Do I always give a treat? Isn’t the click enough?
Always follow your click with a treat or risk undermining your training. Click here to learn why.
What if I accidentally clicked the wrong thing?
Treat anyway! Have a variety of treats. When you mistakenly click, dole out a more boring treat, such as dry dog food. Not giving the treat after clicking will only confuse your dog and weaken the training power of the clicker.
Why do I need to use a clicker? Why can’t I just use my voice?
You can use your voice, but it will be less effective.
The clicker makes a consistent sound
As opposed to your voice, the clicker sounds exactly the same every time you use it. It’s difficult to keep voice tone, volume, and pitch as consistent as the sound a clicker makes. Inconsistencies in your voice can confuse your dog. Your voice will change depending on whether you drank wine or coffee, are excited or tired. Household member’s voices also differ in sound. The clicker helps all family members communicate with the same clarity.
The clicker sounds unique
A clicker makes a distinct sound. Deciphering the difference between two words is much more difficult for a dog than deciphering the difference between a word and a click.
I hate the sound of the clicker. Can I just use my voice?
Yes. To do this, choose a word not normally used in your everyday vocabulary, such as ‘Excellent.’ A distinctive sound could also work. Use with the same timing as when you would normally click. Follow your word or sound—as you would a click—with a treat. If you decide to use your voice rather than the clicker, please be careful about your timing. It’s easier to have sloppy timing using your voice than it is a clicker. Sloppy timing will confuse your dog.
Do I have to use treats? What about praise or petting?
Dogs tire of petting and praise more quickly than food treats, limiting their usefulness.
What’s so great about using treats?
Treats are quick, effective, and easy! Most dogs will work hard to receive a small morsel. It takes only a moment to reinforce with a treat as your dog gulps it down. In a very short time period you can reward many behaviors. Repetition speeds training. Rewards, such as walks, provide little opportunity for repetition because they are time-consuming to administer: They can only be given once in what amounts to a large jackpot!
My dog isn’t food motivated
All dogs are food motivated or they would starve! Dogs may not want treats for a variety of reasons: nausea from being anxious in the car or classroom, being full, getting too many daily calories are some reasons. We are experts in finding treats that your dog will be excited about. Ask us in class for ideas!
When is petting an effective training tool?
Petting is a great way to reward your dog for behaving politely throughout the day. If, for instance, she solicits your attention by sitting sweetly in front of you when you’re relaxing on the couch, petting is a wonderful way to let her know that you appreciate her polite behavior.
Should I click more than once?
No! Extra clicks will only confuse your dog. One of the reasons the clicker works so well as a training tool is that it sounds the same every time—the dog hears only one in-and-out click. If your dog performs exceptionally well, click once, then jackpot with more or yummier treats to communicate your enthusiasm.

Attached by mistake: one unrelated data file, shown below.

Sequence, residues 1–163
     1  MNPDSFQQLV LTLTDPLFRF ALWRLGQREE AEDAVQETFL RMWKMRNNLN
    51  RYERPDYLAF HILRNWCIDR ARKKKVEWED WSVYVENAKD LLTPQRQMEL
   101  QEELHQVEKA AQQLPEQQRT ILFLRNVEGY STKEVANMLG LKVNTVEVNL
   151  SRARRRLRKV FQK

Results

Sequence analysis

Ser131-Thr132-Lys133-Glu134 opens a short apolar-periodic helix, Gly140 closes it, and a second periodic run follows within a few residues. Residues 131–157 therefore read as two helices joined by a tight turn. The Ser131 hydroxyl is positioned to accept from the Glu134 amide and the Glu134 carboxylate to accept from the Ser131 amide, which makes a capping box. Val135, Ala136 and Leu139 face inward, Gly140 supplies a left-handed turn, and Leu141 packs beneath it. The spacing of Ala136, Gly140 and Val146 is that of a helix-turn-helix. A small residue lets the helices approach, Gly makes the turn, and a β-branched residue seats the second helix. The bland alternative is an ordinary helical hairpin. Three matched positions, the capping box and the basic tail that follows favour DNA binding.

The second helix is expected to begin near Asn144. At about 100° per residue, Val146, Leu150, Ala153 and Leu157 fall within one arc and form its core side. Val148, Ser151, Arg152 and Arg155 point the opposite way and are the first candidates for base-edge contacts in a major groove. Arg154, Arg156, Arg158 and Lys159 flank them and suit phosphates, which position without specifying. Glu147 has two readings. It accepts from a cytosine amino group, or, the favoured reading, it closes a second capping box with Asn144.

When do I begin to wean my dog from treats?
Once your dog understands with clarity what you want, start to reduce the frequency of click-treats. You can do this be introducing two-fers (see below).
What is a two-fer?
A ‘two-fer’ is like the old two-for-one movie tickets—you get two for the price of one. A training two-fer is when you require your dog to do something more than once before clicking and treating only the second attempt.
Two-fer’s teach persistence
Not clicking every attempt your dog makes can encourage persistence if you click and treat them for continuing to try
Two- and more-fers can cause your dog to work harder
Once you begin two- and more-fer’s, your dog’s performance may waver from lackluster to outstanding. Inconsistent performance is normal, expected, and desired. You will selectively reward the most outstanding responses. If your dog’s performance becomes consistently lackluster, you are probably introducing to- and more-fers too quickly. If this happens, reward more frequently until performance is good once again. The next time you attempt to wean from treats, do so more conservatively.
When can I begin two- and more-fer’s?
Once your dog understands what you want at a basic level, you can begin asking for more.
What’s an example of a two-fer?
Once your dog understands that going to a mat earns clicks and treats, you can begin to give two-fers. The next time your dog touches the mat, don’t click or treat at first. When she repeats, click and jackpot! That’s a two-fer!
What’s a jackpot?
A jackpot is a surprisingly large amount of treats that can communicate to your dog a job well done. Three to five treats or a handful can constitute a jackpot.
When can I stop using the clicker?
The clicker is a great training tool for teaching and polishing new behaviors. Once your dog is accurately performing on cue, you can stop using the clicker until you’re ready to teach something new.
When can I stop rewarding my dog?
Never! If you completely stop rewarding your dog for doing a behavior you like, she will eventually stop doing it. Instead, gradually wean your dog from always needing a reward. Reward outstanding behavior intermittently. Behaviors that were formed with a clicker and treats can eventually be maintained with other ‘natural’ rewards such as petting, play, and walks. Ideas on how to do so are provided in class.